Higher education is one of the largest investments in a person’s life. Unsurprisingly, most American’s don’t have thousands of dollars set aside for college tuition. So, how do we prepare ourselves and our children for the exorbitant costs of higher education?
Every family’s circumstances vary, but paying for college is usually tackled in one of three ways: Student Loans, Scholarships/Grants, and Cash Savings. No matter what method, applying for FAFSA needs to be the first step in planning for college expenses.
Free Application for Federal Student Aid (FAFSA) is a government funded program that provides financial aid to students. A common assumption is that FAFSA only assists students with the most financial need. While Pell Grants and subsidized loans are reserved for this purpose, opportunities for unsubsidized loans are available without a financial need requirement. Obtaining loans through FAFSA often provides better rates and more payment flexibility than private loans through your bank or credit union. Be sure to utilize FAFSA funding before taking out private loans. Other benefits include: no required credit check, and payments aren’t required until after graduation. Also, if the government decides to forbear or forgive student loans, federal loans will likely be the ones to receive relief first.
Private loans may provide additional funding when federal loans have been maximized. However, keep in mind that private loans often have higher interest rates and typically require payments while the student is still in school. Only take advantage of this type of funding as a last resort.
While student loans are popular in today’s society, college grads are left with the heavy financial burden of repayment. Paying cash for college will alleviate this stress. Fortunately, there are several “Savings Vehicles” available to optimize growth. A few of the most popular and advantageous include a 529 Plan, custodial account or personal brokerage account.
A 529 account is a state-sponsored plan that allows tax-free growth on savings, as long as the funds are used for higher education. A disadvantage is that the funds will be considered when determining a student’s financial need for scholarships or loans. This may be avoided by having a grandparent or other relative open the account instead of the parent or child. Also, 529 accounts have limited investment options. If the funds are not used for education costs, a penalty is incurred.
A custodial account, such as a Uniform Transfer/Gift to Minors Account (UTMA/UTGA), is a vehicle used to transfer ownership of assets to a child without giving them full control. Income is taxable to the child, and when age of majority is met (age 21 in Utah), there are no limitations on what the funds may be used for. Like a 529, assets in a UTMA are also factored into financial need calculations.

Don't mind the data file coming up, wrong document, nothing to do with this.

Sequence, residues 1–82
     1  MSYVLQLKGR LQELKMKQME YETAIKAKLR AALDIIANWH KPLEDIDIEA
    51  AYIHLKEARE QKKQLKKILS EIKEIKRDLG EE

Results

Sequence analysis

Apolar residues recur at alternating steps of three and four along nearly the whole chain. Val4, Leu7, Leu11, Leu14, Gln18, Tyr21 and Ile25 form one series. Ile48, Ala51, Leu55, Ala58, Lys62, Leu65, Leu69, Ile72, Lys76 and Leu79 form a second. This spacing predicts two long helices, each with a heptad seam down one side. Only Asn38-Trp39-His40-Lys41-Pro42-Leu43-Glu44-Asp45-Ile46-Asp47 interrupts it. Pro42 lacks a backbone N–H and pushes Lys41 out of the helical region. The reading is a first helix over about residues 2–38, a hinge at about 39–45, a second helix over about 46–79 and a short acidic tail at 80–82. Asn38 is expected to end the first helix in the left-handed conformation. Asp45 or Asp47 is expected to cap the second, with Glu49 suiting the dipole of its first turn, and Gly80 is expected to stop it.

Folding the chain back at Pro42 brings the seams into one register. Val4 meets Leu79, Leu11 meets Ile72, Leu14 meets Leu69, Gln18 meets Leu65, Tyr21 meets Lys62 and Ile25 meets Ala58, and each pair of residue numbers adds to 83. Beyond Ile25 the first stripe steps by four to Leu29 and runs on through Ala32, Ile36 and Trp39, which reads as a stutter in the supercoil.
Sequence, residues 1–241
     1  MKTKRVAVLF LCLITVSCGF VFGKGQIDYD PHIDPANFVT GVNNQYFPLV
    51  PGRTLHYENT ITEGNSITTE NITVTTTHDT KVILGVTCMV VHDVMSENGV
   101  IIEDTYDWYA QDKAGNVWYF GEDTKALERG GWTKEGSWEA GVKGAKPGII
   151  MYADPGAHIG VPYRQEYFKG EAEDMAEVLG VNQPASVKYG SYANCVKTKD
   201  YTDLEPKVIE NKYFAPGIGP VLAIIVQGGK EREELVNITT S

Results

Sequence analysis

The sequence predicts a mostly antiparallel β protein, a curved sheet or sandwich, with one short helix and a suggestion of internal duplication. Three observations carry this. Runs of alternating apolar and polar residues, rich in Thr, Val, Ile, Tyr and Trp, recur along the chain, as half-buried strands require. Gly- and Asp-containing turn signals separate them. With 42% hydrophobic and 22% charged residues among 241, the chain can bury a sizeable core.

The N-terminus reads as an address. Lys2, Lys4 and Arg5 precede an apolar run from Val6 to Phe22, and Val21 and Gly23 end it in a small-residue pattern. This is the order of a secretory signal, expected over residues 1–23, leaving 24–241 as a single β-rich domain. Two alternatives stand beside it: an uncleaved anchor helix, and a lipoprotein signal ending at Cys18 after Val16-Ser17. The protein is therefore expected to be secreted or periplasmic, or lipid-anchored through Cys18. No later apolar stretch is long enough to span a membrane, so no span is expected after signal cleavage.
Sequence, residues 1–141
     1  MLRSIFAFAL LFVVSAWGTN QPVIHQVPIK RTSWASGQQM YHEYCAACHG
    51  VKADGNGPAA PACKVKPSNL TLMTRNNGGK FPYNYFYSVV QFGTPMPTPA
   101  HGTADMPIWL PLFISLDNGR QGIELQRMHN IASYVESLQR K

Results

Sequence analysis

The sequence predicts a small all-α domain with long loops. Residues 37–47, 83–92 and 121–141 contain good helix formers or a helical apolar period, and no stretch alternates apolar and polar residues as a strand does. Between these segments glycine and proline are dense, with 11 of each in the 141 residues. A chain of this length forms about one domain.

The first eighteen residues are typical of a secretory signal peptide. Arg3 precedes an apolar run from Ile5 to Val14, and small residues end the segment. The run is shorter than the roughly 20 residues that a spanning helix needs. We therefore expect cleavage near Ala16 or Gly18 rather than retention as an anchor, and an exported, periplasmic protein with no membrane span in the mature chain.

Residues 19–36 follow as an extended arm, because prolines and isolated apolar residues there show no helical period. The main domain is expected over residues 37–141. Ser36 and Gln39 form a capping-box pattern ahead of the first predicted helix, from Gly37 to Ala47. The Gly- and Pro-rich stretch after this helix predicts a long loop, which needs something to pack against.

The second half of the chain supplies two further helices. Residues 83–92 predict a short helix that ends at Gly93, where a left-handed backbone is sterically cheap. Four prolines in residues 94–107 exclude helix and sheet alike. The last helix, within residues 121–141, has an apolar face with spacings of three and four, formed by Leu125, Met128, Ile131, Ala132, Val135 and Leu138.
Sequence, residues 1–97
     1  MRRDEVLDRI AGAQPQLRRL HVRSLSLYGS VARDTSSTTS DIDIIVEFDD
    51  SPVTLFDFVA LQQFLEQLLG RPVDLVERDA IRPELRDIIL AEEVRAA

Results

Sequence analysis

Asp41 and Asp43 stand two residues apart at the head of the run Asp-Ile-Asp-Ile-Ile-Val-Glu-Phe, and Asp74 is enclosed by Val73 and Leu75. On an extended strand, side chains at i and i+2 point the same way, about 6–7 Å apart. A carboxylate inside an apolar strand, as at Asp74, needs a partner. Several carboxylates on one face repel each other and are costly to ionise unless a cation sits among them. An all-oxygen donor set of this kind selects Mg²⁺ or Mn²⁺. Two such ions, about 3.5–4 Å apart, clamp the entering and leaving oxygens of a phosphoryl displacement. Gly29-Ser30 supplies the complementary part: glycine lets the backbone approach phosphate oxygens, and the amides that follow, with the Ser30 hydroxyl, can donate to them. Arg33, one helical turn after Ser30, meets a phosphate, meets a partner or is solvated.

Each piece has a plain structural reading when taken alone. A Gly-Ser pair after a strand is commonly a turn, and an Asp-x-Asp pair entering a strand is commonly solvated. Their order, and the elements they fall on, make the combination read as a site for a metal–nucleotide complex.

The most flexible way to save for your child’s education is through a taxable brokerage account. While tax benefits associated with a 529 or custodial accounts are forfeited, more control over the funds is achieved. What if your child decides to take a different route after high school that doesn’t involve the traditional 4-year degree? Whether it’s trade school, starting a business or purchasing real estate, a taxable brokerage account is an easy way to maintain control over the investing and spending of the funds.
Contact the Financial Aid Office
Financial aid counselors are available at colleges and universities to provide guidance and resources. Information about tuition assistance, scholarships, FAFSA, and more is available through the school counselors. We recommend meeting with a financial aid counselor annually to ensure all opportunities are being maximized.
– Jaeden May, Financial Planning Associate & Client Service Specialist
To learn more about the author of this article Jaeden May, visit: https://www.adamswealthadvisors.com/jaeden-may-profile. Or connect with her on LinkedIn: https://www.linkedin.com/in/jaedenmay/.
Adams Wealth Management is a registered investment adviser. Information presented is for educational purposes only and does not intend to make an offer or solicitation for the sale or purchase of any specific securities, investments, or investment strategies. Investments involve risk and, unless otherwise stated, are not guaranteed. Be sure to first consult with a qualified financial adviser and/or tax professional before implementing any strategy discussed herein. Past performance is not indicative of future performance.